Tuesday, April 29, 2008

Pictures in books

I can't remember how the conversation started. We were driving home from spending the day dressed as Ninjas, I think the place was called Iga-shi but I'm also equally suspicious of being completely wrong about that. At some point though, he asked "don't you believe in god?"

Misaki and I exchanged glances. I employed an extreme amount of mental effort to carefully time and calculate my responses, a rare occurrence for once as myself who usually lacks so much as an inner monologue. I said "Why, do you?". The exact words of our exchange have lost me, but it was something along these lines. "Yes, of course", he said. "Why?". "Because I've seen pictures in books". An interesting response for a six year-old who has never been to church, seen a bible, or been to scripture class. At least not in my presence...

"Grandma and Grandpa told me about Jesus, and God. They had a book with pictures". Another calculated pause... "Can you remember any of the pictures?" He couldn't. When asked if he believed them, he said he loves learning because it makes him smarter. Not what I asked, but an excellent answer. He instinctively trusts knowledge passed on to him from people he trusts and admires.

"Don't you believe in god?". What could I say, isn't it about ten years too soon for this conversation? "Which one?" I reply. Learning what I believe is of less importance than discovering the ability to discern right from wrong independently. The concept of multiple gods was new and intriguing... you mean there's more than one?

It depends who you ask, I explain. There are many people in the world, some people believe in Jesus, some in Muhammad, some follow the teachings of Buddha, while many once worshipped Amon-ra. Most of them believe that their beliefs are right however, while everyone else's are wrong. "I just go one step further - maybe we're all wrong. The important thing to remember is: don't believe everything you read in books".

I don't want to influence my son's religious views one way or another. Actually, that's not true, I do truly want to protect him from being blinded, but I have to trust that he'll open his own eyes in time and see, see whatever he chooses to see. I hope he never looses his child-like sense of wonder though, his empathy and compassion for all living things, and his joy and humor. If he has to learn from pictures in books, may they be photos that are true to life without any bias or opinion, that invite him to explore and discover for himself.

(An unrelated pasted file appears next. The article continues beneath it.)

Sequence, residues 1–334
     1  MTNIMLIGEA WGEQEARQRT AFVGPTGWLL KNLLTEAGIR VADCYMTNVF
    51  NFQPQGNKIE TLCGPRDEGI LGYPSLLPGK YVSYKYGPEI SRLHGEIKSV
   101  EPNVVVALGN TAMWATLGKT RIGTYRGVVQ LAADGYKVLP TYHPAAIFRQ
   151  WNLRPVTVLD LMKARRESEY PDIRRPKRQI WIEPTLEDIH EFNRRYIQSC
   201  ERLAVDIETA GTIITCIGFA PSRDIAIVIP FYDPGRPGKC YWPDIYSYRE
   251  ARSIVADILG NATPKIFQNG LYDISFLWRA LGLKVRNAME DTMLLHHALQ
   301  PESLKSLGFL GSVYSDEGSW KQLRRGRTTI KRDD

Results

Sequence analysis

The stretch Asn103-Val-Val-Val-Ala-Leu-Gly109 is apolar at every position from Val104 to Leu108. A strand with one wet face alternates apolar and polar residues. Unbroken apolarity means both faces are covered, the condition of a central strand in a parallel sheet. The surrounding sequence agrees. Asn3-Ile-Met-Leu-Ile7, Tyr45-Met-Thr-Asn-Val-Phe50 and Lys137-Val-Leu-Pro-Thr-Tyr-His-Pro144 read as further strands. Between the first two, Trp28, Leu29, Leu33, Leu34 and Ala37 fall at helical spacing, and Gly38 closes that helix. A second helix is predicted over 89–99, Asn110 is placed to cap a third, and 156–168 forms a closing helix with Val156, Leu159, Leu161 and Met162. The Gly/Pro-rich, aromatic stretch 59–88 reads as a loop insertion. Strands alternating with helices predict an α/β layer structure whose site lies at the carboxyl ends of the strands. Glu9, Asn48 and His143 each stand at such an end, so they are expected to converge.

I don't fear answers, only that we forget to ask the right questions.

love, peace

Wednesday, April 23, 2008

East of Everything

It's rare that I switch our large LCD TV over to the digital tuner and actually watch terrestrial broadcasts, as opposed to watching DVDs or browsing the web with our Wii, but a couple of weeks ago I did. On such rare occasions I'll gravitate straight to the ABC or SBS, emulating the way your eyes are drawn the the center, advertisement-free section of a web page to avoid the banner ads while it loads. I don't even see them anymore, just like the commercial channels 7, 9, and 10 don't exist in my world.

The reward this time was a new show on ABC called East of Everything. Set in Broken Bay, it follows the stories of two brothers acting as the executors of their recently deceased mother's estate, once a tropical resort which has since degenerated into disuse. It really strikes a chord with me somehow, and I'm really enjoying it.

A couple of quotes:

East of Everything reminds us that whatever our past, for most people there is the opportunity to recognise something good in it, which we can take and move on

It's a show about characters in large spaces. People are trapped by circumstance rather than geography.

Ultimately, we wanted to create a series that was very hopeful, which recognises that there is a melancholy sadness about life, but there is also a fantastic joy.

The last quote means the most to me. Fortunately, it's available as a podcast which suits my viewing habbits.

Wednesday, April 09, 2008

Nan, dearly departed

My name is Mark. I'm Marjory's grandson from her son Barry. To her was I was always called 'Beet', and to me she was, and always will be "Nan".

We Four grandsons, David, Matthew, Philip and I are no strangers to loss, even from a very early age, but that has made Nan's passing no easier to endure. Now we grieve a source of joy, humour, compassion, and understanding that we've depended on thru-ought our lives.

It's hard to comprehend living on without her, but I know that what Nan shared with us so openly, lives on as part of us today. I'm also honored that my wife Misaki, and our son Tyler who is one of Nan's three great-grandchildren along with Amy and Ace, were able to share some of their lives with her too. We each will hold a part of her in our hearts always.

Nan once observed while Tyler was just little: "I'm ninety years older than you - you're two, I'm ninety two!". She went on to live to ninety six, giving selflessly to those around her, and will be missed by many. We will miss her good natured humor and wit, and her many stories from our youth. In many ways, she knew us better than we know ourselves, and could impersonate any one of us perfectly - when the one being impersonated was not in the room of course.

To live on without her, we can try to honor her memory though celebrating the love and joy the she gave, by making the most of what time that is now left to us. I'm proud and honored to have shared my life, my wife Misaki, and my son Tyler with Nan until now. We will think of her always with love.

Thank you.